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BenQ W1500 Projector BenQ W1500
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Street Price: n/a
3D: Full HD 3D
Aspect Ratio:16:9
Color Wheel:6x speed
Color Wheel:6 segments
Lens:1.6x manual
Lens Shift:Vertical
Lamp Life:3,500 Hrs
6,000 (eco)
Lamp Cost:n/a
Warranty:1 year
Connectors:  S-Video, Composite, Component, VGA In, HDMI 1.4a (x2), Network, Wireless Networking, RS232, 12-Volt Trigger
Video Formats:  480i, 480p, 720p, 1080i, 1080p/60, 576i, 576p

BenQ W1500
1080p DLP Home Theater Projector Review

Bill Livolsi, August 19, 2013

Key Features

Image quality. The W1500 creates a great picture, without a doubt. Even straight out of the box, the W1500 produces a sharp, clean home theater image with great shadow detail and well-saturated color. Black levels are very good, and SmartEco lamp mode can make them better in some circumstances, much in the same way an automatic iris can improve on/off contrast. Frame interpolation smooths out motion without making film look like digital video.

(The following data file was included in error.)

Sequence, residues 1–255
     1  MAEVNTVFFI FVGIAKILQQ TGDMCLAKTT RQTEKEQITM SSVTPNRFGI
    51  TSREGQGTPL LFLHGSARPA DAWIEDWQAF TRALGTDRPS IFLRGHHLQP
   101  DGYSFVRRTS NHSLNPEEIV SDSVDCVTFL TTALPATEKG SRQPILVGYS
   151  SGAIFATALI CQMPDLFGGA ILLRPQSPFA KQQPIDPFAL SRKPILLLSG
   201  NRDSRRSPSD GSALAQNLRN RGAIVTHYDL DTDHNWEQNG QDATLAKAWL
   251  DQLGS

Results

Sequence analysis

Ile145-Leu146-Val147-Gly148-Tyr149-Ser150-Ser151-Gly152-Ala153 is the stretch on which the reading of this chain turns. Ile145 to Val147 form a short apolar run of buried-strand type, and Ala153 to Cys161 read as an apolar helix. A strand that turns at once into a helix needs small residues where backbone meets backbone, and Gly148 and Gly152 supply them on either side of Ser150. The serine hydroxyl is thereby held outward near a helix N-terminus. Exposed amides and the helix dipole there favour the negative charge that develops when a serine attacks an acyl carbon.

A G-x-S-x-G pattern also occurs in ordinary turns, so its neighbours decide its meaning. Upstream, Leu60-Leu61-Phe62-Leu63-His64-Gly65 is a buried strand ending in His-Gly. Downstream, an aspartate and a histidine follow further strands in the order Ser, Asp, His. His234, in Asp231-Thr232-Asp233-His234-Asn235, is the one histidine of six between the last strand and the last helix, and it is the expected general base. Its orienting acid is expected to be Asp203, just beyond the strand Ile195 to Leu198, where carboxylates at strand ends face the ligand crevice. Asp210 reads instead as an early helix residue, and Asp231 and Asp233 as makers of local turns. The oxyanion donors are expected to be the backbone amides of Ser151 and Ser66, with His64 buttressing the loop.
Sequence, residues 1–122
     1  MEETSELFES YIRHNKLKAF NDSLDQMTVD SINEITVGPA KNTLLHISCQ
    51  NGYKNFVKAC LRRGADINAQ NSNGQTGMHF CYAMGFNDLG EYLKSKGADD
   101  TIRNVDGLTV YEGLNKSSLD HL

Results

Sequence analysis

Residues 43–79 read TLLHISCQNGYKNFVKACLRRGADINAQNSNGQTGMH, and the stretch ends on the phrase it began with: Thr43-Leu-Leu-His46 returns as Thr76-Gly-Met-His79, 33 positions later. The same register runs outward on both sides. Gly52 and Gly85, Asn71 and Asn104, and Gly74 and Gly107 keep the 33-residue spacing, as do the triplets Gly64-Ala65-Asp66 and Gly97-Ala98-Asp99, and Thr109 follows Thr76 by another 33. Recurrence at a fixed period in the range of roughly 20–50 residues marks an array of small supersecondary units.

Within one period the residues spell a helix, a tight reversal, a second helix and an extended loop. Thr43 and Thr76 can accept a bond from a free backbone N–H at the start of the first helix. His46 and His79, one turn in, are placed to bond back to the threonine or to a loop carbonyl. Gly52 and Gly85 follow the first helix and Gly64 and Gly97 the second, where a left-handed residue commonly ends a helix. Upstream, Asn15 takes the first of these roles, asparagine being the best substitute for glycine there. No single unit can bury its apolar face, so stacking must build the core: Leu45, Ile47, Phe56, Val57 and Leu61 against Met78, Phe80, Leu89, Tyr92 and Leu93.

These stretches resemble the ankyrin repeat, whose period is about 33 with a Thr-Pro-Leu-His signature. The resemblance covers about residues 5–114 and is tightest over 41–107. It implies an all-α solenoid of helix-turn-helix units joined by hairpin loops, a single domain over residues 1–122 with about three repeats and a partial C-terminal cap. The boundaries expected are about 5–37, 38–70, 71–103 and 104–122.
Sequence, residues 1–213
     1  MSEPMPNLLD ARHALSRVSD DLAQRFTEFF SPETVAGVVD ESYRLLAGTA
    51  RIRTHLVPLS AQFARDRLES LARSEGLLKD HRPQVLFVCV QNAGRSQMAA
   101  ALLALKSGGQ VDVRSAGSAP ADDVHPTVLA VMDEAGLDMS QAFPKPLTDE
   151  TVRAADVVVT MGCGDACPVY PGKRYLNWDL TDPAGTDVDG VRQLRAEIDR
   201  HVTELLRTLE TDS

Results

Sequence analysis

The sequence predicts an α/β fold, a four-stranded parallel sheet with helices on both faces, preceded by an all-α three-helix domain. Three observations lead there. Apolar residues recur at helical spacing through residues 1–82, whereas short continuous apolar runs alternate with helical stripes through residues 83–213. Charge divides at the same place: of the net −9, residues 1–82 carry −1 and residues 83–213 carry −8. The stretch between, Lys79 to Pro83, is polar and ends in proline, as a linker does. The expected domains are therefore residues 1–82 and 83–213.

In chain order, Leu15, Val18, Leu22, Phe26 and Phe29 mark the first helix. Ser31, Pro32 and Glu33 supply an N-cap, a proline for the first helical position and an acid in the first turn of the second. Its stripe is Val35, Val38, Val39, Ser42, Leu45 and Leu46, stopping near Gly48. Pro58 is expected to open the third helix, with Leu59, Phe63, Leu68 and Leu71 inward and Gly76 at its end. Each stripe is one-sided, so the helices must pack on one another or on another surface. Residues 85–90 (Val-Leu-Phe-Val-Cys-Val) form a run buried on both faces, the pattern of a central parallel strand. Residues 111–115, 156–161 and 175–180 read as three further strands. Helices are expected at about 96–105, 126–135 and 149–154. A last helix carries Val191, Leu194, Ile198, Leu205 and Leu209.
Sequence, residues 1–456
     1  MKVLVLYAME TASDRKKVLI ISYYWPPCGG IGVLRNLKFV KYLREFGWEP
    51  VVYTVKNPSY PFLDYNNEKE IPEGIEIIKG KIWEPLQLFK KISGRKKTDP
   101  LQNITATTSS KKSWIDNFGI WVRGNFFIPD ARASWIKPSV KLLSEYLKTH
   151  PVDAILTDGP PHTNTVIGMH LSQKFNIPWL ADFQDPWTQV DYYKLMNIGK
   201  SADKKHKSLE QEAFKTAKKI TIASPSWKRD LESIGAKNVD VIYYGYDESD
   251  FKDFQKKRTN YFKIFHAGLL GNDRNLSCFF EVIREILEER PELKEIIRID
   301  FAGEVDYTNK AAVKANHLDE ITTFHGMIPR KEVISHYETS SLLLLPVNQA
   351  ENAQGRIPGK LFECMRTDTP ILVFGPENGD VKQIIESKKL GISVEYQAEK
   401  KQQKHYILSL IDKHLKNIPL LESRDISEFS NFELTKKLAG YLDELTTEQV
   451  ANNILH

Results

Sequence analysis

WHDI. Wireless Home Digital Interface, or WHDI, is a specification for one version of wireless HDMI connectivity. While external kits are available, the W1500 has a receiver built in to the projector itself, while a transmitter comes in the box. Since you only get one port to work with, the optimal solution is to hook the WHDI transmitter to the video out port of your A/V receiver. The WHDI transmitter will send full 1080p in either 2D or 3D plus sound. As far as image quality over WHDI is concerned, we did see some occasional artifacts when using WHDI. Macroblocking sometimes appears when transmission range is too great or signal strength is otherwise diminished.